People’s first impression of an event often comes from the invite. The colors, the designs, the fonts, everything works together to paint a picture of what guests should expect. You can tell whether you’re being invited to a birthday, a wedding or a graduation before you actually read the invite. But what if design could say more than that?
So I find myself an online invitation service. I look under birthday parties, and I’m offered a handful of canned graphics of balloons and birthday cakes. Take it or leave it, that’s what I get to work with.
I mean, that’ll do in a pinch, but this is the 21st century and the Internet. With everything at my disposal, shouldn’t my invitation be more personal than a picture of balloons that has already been sent to represent a thousand other birthday parties? Shouldn’t I be able to have more of a say? Shouldn’t the invite represent my party, not just a party?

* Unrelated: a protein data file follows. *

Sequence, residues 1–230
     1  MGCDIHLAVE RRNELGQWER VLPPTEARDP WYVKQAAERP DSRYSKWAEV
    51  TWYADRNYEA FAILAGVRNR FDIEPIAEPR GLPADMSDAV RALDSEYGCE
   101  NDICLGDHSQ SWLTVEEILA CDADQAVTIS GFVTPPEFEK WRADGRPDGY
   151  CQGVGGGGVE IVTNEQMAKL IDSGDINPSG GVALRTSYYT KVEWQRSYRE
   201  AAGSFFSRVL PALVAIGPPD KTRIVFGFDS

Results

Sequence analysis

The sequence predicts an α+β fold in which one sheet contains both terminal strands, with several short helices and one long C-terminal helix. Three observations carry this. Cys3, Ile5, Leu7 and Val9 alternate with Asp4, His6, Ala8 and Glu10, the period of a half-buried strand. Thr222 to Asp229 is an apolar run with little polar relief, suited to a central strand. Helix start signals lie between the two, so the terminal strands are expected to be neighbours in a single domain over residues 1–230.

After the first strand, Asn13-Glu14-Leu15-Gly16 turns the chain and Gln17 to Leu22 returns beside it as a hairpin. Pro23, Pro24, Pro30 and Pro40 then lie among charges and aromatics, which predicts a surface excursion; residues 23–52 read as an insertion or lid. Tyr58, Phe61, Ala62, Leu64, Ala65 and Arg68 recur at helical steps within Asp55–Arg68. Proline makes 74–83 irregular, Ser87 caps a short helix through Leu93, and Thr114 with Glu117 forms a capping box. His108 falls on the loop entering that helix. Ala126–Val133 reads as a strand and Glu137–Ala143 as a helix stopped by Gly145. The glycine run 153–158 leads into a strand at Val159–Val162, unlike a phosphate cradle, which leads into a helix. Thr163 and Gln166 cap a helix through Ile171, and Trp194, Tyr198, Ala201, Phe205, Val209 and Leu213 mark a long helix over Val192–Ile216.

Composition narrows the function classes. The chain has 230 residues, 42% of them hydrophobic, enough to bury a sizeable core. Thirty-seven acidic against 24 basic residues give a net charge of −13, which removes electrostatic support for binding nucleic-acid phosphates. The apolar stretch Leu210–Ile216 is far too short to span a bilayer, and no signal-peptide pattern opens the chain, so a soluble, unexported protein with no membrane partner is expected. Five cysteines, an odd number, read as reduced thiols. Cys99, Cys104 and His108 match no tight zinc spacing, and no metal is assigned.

Invitecast agrees. It gives me templates which I can totally customize. Don’t like the background? I can substitute another from right off my computer or the Internet. I can also use a solid color. If the template offers a featured image, I can replace that too. You know, like maybe a picture of the person celebrating the birthday!
But it’s not just pictures. I can change the font type and color and restyle the RSVP button. I can even add music. So, in just a couple minutes, I’ve made an invite that’s uniquely me.
An invite isn’t supposed to just be functional. It should be an expression of yourself and crafted with family and friends in mind. So don’t be told you have to make do with canned balloons and birthday cake. There are online invites for the 21st century.